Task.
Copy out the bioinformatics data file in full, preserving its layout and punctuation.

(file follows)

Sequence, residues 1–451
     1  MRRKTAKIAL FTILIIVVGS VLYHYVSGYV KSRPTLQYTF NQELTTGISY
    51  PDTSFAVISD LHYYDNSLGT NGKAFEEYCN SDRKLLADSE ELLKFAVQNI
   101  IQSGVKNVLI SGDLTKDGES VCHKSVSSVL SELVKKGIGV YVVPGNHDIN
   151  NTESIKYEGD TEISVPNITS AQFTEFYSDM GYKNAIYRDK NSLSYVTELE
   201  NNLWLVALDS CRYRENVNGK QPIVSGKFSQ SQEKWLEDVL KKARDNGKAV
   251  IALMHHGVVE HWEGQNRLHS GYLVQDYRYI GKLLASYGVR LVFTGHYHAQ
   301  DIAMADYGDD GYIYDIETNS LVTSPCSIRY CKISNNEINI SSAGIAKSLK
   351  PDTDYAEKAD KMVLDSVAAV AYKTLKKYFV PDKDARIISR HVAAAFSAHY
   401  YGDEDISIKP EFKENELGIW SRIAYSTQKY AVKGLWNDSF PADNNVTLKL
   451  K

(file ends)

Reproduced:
Sequence, residues 1–451
     1  MRRKTAKIAL FTILIIVVGS VLYHYVSGYV KSRPTLQYTF NQELTTGISY
    51  PDTSFAVISD LHYYDNSLGT NGKAFEEYCN SDRKLLADSE ELLKFAVQNI
   101  IQSGVKNVLI SGDLTKDGES VCHKSVSSVL SELVKKGIGV YVVPGNHDIN
   151  NTESIKYEGD TEISVPNITS AQFTEFYSDM GYKNAIYRDK NSLSYVTELE
   201  NNLWLVALDS CRYRENVNGK QPIVSGKFSQ SQEKWLEDVL KKARDNGKAV
   251  IALMHHGVVE HWEGQNRLHS GYLVQDYRYI GKLLASYGVR LVFTGHYHAQ
   301  DIAMADYGDD GYIYDIETNS LVTSPCSIRY CKISNNEINI SSAGIAKSLK
   351  PDTDYAEKAD KMVLDSVAAV AYKTLKKYFV PDKDARIISR HVAAAFSAHY
   401  YGDEDISIKP EFKENELGIW SRIAYSTQKY AVKGLWNDSF PADNNVTLKL
   451  K